LONDON • "Well done, Britain!" was how an ecstatic Marine Le Pen, leader of the far-right, anti-migrant National Front party in France, reacted when told about British voters' decision to pull out of the European Union (EU).
Her joy is understandable, for Britain's EU referendum outcome is seen by nationalist and populist movements throughout Europe as proof that it is possible to win even if one is branded a racist, even if the entire media and political establishment is against you, and even if economic logic points in a different direction.
In the Netherlands, the Party for Freedom led by Geert Wilders, recently convicted for inciting ethnic discrimination, leads in the polls in the run-up to the country's March general election.
Next door in Germany, another populist anti-EU and anti-immigration movement, the Alternative for Germany, is projected to win an astonishing 12 per cent of the vote in parliamentary ballots scheduled for next October.
And then there is Ms Le Pen, the doyenne of the far-right movements, who now has the best chance of becoming president when her own country goes to the polls in April and May.
Still, caution is advisable when predicting that a populist tsunami is about to sweep through Europe.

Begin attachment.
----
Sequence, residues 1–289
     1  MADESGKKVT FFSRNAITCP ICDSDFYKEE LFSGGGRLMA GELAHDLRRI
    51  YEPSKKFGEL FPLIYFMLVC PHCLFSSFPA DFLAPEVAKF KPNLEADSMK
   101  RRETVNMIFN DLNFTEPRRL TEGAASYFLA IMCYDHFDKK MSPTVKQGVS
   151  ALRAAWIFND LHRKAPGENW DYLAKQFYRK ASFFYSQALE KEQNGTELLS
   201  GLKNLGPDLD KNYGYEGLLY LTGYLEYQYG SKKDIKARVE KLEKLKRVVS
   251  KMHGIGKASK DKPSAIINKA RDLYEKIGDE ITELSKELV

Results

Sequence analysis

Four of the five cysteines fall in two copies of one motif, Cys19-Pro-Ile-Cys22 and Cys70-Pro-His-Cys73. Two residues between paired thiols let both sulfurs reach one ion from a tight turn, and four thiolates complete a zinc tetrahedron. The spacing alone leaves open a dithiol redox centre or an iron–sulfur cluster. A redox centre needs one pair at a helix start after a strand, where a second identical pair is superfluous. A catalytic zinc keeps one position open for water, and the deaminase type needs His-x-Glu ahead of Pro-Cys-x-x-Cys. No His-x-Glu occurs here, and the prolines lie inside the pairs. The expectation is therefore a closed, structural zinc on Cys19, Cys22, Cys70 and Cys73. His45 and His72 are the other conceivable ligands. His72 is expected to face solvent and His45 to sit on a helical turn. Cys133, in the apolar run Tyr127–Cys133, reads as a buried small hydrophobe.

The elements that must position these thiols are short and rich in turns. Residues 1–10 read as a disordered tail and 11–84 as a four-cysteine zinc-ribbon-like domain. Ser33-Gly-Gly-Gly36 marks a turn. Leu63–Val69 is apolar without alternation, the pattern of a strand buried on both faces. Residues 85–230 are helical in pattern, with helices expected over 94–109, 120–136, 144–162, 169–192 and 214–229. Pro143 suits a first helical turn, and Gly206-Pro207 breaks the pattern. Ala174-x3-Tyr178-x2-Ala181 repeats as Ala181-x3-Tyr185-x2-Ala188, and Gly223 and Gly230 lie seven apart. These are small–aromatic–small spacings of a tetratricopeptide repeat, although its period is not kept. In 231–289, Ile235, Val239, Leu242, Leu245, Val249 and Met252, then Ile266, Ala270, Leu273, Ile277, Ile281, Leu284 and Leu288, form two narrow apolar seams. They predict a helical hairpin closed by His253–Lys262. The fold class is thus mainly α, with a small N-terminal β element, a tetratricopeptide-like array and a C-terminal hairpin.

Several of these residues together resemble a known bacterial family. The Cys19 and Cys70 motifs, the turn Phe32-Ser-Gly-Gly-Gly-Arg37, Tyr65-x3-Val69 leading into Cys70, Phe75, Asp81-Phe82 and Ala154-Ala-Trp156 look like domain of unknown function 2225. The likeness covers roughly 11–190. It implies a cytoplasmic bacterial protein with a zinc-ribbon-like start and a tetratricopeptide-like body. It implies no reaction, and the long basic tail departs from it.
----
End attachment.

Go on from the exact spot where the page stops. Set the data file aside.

To start with, Britain's rebellion against the establishment is different. Its anti-EU campaigners are fervent supporters of international trade and globalisation and believe in capitalism and free markets, while European populists usually oppose these things. And conversely, while most European populists are suspicious about the EU, nobody is obsessed about the topic as much as the British.
Electoral systems are also different. Even if it wins the largest share of votes, the Netherlands' Party for Freedom can enter the government only as part of a coalition, which means that it will have to compromise. Regardless of how many seats it captures, the Alternative for Germany is guaranteed not to be part of any coalition.
And Ms Le Pen will have to come out tops in two rounds of presidential elections, so she will ultimately have to get over 50 per cent of the votes to become president - a tall order.
The chances are better than even, therefore, that the populist onslaught will fail in Europe in 2017. But similar predictions were made about Britain's referendum, and about Mr Donald Trump's electoral chances.